Also known as the movie that proved once and for all that doe-eyed Jake Gyllenhaal was absolutely not an action star. Also, it didn’t help that the storyline involved magic sand that reversed time. Yeah.
There was a lot of excitement surrounding Michael Mann’s attempt at bringing his iconic TV show to the big screen. Then people saw it and two hours later they stumbled out of the theater wondering what happened to the style and humor and who Colin Farrell had sold his soul to in order to have an A-list career.
Perhaps the final nail in the coffin in M. Night Shyamalan’s career, people were prepared for The Happening to be a rancid pile of turds but still, somehow people still weren’t ready for how bad or how ridiculous this movie really was. Two words: killer trees.
A big budget disaster, Babylon A.D. effectively ended Vin Diesel’s career – or at least the one he had that didn’t involve him playing his old characters over and over again. Then again, his character in this movie is ridiculously named Toorop, so let’s not pretend like this ever had a chance.
Following the incredible success of the first two Christopher Reeve Superman movies, the studio decided it would be a good idea to have the third installment co-star Richard Pryor as a computer hacker and have the bad guy try to kill Superman with kryptonite laced tobacco tar. Just read that again.
The only thing that could possibly make fangirls go even more insane over the whole vampire craze is throwing Johnny Depp into the mix. But Tim Burton apparently hates money and instead turned Depp’s vampire into a Willy Wonka-ish weirdo and made a movie about a family feud over fishing rights, which strangely didn’t get people all that excited.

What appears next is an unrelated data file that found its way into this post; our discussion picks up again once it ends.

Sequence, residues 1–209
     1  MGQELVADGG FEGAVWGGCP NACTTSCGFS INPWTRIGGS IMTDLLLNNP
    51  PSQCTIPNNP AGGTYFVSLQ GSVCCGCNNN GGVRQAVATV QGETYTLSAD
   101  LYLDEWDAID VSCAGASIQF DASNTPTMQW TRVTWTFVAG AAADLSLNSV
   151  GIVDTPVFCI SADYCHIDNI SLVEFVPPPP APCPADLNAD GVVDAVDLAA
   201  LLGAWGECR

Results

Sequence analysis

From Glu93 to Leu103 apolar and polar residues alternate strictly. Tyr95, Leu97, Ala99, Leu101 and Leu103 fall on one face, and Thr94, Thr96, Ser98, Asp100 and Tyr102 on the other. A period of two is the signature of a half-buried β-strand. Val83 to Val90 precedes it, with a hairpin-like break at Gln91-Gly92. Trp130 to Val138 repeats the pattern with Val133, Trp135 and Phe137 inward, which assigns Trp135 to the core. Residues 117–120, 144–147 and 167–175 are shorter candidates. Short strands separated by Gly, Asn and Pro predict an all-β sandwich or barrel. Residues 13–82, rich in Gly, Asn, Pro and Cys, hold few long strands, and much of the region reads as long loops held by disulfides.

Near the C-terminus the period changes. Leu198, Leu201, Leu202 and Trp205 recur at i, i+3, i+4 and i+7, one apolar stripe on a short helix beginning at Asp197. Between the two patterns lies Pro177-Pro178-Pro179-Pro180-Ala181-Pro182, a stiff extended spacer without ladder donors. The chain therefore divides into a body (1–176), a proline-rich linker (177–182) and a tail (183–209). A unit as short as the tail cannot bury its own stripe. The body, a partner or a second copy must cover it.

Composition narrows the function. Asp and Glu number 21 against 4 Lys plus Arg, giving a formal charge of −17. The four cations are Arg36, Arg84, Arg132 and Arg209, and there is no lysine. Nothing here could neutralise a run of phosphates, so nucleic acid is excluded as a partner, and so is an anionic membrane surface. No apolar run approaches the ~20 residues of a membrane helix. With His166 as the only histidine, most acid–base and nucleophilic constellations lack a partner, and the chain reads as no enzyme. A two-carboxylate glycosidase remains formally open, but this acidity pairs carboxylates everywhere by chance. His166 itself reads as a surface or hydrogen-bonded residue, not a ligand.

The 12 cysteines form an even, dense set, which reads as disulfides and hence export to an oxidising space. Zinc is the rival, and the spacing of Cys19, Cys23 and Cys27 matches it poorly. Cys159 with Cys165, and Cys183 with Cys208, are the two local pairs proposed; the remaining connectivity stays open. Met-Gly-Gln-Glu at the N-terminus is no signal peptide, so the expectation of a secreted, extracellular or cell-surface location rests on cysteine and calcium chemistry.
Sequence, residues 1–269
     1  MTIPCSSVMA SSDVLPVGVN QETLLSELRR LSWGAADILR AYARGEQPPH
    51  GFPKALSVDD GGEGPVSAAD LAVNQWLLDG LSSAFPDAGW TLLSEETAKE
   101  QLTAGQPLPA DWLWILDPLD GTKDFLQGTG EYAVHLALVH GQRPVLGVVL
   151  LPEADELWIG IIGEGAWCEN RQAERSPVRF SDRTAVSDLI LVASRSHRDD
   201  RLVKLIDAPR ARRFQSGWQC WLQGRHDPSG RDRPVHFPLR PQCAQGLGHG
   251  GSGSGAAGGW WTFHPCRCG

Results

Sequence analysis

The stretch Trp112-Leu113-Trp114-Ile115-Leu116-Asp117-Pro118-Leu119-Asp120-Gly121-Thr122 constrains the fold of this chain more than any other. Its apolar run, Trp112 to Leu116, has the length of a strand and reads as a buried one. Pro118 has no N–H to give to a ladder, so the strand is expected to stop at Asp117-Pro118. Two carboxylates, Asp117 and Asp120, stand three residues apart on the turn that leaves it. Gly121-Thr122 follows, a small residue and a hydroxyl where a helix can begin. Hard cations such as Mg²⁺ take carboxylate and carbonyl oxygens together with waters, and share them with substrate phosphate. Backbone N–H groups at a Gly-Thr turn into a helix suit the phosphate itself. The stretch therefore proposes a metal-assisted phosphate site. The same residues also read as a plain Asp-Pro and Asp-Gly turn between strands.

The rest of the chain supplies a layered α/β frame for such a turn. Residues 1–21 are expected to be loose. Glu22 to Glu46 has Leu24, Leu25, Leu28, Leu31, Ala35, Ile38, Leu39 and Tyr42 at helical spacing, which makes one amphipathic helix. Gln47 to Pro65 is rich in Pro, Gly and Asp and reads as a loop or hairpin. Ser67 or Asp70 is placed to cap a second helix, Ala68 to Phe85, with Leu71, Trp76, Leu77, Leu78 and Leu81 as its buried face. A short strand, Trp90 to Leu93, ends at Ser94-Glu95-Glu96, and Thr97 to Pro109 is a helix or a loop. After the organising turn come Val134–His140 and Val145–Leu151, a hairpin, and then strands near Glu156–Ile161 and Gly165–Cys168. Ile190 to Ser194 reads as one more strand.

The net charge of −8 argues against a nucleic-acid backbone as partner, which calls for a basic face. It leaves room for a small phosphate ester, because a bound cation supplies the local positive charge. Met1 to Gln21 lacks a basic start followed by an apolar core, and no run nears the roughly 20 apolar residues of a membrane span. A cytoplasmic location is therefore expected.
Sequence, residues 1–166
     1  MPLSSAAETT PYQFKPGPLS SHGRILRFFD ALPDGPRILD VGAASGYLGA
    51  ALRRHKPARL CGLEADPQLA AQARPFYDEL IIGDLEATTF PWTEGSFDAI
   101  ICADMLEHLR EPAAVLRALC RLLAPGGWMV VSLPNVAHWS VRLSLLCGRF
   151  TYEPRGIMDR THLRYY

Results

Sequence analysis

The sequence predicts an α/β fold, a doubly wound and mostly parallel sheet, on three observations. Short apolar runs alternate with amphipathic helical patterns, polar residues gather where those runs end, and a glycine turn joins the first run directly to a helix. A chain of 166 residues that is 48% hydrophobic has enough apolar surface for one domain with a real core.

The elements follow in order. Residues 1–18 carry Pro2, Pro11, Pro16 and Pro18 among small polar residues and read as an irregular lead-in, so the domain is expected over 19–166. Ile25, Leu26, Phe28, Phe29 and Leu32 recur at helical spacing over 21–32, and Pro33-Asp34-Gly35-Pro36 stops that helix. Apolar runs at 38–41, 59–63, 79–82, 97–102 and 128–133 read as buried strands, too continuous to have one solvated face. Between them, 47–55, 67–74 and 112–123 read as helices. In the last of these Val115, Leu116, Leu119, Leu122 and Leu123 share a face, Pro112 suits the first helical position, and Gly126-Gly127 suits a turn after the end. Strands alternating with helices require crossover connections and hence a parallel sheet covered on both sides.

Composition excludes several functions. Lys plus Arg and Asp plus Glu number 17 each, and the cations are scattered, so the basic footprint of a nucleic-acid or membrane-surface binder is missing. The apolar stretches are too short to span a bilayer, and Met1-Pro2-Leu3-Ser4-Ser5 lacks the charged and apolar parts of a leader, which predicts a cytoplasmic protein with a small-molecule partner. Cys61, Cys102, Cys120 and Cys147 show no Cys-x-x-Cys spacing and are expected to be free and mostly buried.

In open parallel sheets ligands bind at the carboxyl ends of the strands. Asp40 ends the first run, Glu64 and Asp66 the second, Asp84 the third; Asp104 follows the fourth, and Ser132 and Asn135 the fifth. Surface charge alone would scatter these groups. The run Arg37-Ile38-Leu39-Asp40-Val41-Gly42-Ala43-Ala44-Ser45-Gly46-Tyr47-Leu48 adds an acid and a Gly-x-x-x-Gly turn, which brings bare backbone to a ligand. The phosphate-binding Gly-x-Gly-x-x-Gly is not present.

Somehow a movie based on the board game Battleship managed to be even lousier than people expected it to be, which still won’t stop them from making Scrabble: The Movie sometime in the near future. But what the hell, Taylor Kitsch needs the work.
After the horrible disappointment of Superman III you’d figure that just about anything would be a pleasant surprise. Well, you’d figure wrong because instead what we got was a shockingly amateurish morality play about nuclear war in which the bad guy is literally named “Nuclear Man.”
This is the remake, not the Arnie version, although I can see how you would be confused since the new one, starring the dude who played Khal Drogo on Game of Thrones, was in and out of theaters before James Earl Jones could even throw a single snake. Not a good year for our boy Drogo.
I’m guessing the pitch for this movie was “Hey, we’ll just put Halle Berry in a catsuit.” Sold! “Then we’ll have Halle Berry freak out about catnip.” Uh. “We’ll change the name so it has nothing to do with the Batman Catwoman and have the villain sell evil face cream and…” Unsold!
There was a time when Will Smith was the king of summer blockbusters. Then he started making movies like this, but hey if you really want to see Will Smith bicker with a gay robot then this is the film for you!
Billed as the movie that would make Harrison Ford a serious blockbuster player once again, this oddly titled submarine movie instead flopped, and the only buzz surrounding it was Ford’s ridiculous attempt at a Russian accent. Maybe they should have brought in Chewbacca to play the sub’s pilot.
Comic book movies always get people excited, and so it’s extra disappointing when they turn out to be like Fantastic Four, which fails to strike the delicate balance between fun and corny. Sure, it’s got Jessica Alba in it but then again, so did The Love Guru, so let’s not pretend that’s enough to make it worth your time.